Paul Grignon contends that Economists’ love of complexity prevents them to understand what is really simple. David Harold Chester points that “Complexity is what makes this simple subject seem like it will never provide answers.”

    They have some truth, but do not see why Complexity must be at the center of our scientific interest. Maria Alejandra Madi’s presentation has misled the subject by focusing on her objection to Cartesianism. Complexity has nothing contradictory to Cartesianism. Mathematical theory of complexity (theory of computing complexity) is done within the Cartesian spirit and achieving a tremendous development. Although many Complexity economists have forgotten it, economics is much influenced by this development.

    Complexity arguments in economics have a tendency to be confined to nonlinear dynamics: Chaos, Strange Attractors, Initial-value sensibility (or Butterfly effect), Second Cybernetics, Complex Adaptive Systems, Co-evolution, Self-Similarity and Self-organization. They give us some hints when we consider macroeconomic dynamics, but hints are always hints and do not produce theories. We must remind of the Catastrophe craze. Many social scientists liked cite catastrophe theory, but it faded away without leaving any real products in social sciences.

    However, I believe that Complexity must be the central theme for the reformation of economics and its paradigm shift. Non-linear dynamics has little to do with this change. What is central is to reconsider the real nature of our economic behaviors.

    Neoclassical economics considers that our economic behaviors are something similar to rational calculations. The typical example is the utility maximization. Behavioral economics has shown many anomalies in human calculations, but in my understanding it is still in the paradigm of rational calculation. If we really think of complexity of calculation, it becomes clear that the prototype of human intentional behavior is much simpler than calculation. It is a set of if-then reactions. This is the only practical solutions for an animal of bounded rationality and sight to achieve an object in a complex world.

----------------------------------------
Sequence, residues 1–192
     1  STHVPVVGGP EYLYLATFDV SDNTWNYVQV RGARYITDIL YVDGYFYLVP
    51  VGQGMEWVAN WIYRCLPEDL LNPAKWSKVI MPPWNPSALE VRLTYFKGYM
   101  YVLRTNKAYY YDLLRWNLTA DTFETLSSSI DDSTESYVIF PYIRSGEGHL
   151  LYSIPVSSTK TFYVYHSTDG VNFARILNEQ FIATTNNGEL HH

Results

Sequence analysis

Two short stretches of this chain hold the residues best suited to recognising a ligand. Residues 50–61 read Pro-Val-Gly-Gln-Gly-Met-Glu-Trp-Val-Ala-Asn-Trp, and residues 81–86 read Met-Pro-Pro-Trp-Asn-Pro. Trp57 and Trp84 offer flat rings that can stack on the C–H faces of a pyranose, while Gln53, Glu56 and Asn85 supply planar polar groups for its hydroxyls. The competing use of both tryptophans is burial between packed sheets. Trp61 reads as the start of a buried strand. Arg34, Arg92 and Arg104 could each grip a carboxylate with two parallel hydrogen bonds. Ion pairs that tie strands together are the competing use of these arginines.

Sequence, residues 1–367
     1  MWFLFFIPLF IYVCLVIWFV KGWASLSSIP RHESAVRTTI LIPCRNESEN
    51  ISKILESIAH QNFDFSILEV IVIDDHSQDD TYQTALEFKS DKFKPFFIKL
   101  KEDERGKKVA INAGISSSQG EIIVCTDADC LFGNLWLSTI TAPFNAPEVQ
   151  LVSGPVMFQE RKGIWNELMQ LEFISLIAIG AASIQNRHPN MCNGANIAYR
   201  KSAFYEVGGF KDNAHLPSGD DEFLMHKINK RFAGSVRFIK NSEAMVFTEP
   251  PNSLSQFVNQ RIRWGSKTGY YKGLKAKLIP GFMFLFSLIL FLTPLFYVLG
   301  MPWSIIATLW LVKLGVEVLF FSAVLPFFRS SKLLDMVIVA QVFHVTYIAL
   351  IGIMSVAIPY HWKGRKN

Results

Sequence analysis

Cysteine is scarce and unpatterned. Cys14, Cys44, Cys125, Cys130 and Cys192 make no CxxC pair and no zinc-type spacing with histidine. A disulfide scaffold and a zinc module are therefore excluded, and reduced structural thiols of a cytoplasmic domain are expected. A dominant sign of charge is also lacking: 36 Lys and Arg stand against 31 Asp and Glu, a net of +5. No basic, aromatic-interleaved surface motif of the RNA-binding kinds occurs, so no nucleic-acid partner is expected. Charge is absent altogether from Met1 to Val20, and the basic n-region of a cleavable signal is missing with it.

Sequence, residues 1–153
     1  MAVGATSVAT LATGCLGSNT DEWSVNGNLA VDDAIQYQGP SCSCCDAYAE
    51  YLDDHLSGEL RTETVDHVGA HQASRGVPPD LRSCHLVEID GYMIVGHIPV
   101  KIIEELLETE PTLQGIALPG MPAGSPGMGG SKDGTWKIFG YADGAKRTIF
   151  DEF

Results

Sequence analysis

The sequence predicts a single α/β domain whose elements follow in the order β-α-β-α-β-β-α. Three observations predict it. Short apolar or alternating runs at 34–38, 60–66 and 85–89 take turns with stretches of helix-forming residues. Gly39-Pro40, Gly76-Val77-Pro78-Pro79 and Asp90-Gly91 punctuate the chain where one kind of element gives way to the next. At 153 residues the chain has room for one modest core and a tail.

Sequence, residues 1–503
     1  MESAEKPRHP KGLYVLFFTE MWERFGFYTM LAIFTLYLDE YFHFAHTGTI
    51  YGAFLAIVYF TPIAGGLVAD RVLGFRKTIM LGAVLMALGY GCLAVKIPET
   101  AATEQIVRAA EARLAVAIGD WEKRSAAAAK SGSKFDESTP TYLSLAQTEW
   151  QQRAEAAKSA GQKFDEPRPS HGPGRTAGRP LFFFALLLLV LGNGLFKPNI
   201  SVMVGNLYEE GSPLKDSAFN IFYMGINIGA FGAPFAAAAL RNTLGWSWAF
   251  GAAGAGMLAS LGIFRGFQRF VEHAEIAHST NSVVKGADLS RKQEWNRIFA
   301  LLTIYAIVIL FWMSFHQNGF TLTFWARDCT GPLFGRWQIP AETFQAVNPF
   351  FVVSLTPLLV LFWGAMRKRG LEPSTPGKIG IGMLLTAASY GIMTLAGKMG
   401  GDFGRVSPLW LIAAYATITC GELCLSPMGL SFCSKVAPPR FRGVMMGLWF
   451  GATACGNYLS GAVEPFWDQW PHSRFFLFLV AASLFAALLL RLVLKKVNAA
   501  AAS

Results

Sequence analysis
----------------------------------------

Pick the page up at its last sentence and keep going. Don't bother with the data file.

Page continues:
It is necessary to renovate microeconomics from its very foundations. The true microfoundations of macroeconomics are only possible with the full conversion of neoclassical microeconomics. I have been working with this approach since 1980’s. There are now many results from the theory of value (including the new theory of international values) to the theory of market coordination. The latter explains on how a big network of productions and exchange works without economic agents with infinite rationality and sight. See my (draft) paper in ResearchGate:

    Microfoundations of Evolutionary Economics
    https://www.researchgate.net/publication/301766363_Microfoundations_of_Evolutionary_Economics?

    • Maria Alejandra Madi
      September 8, 2018 at 3:37 pm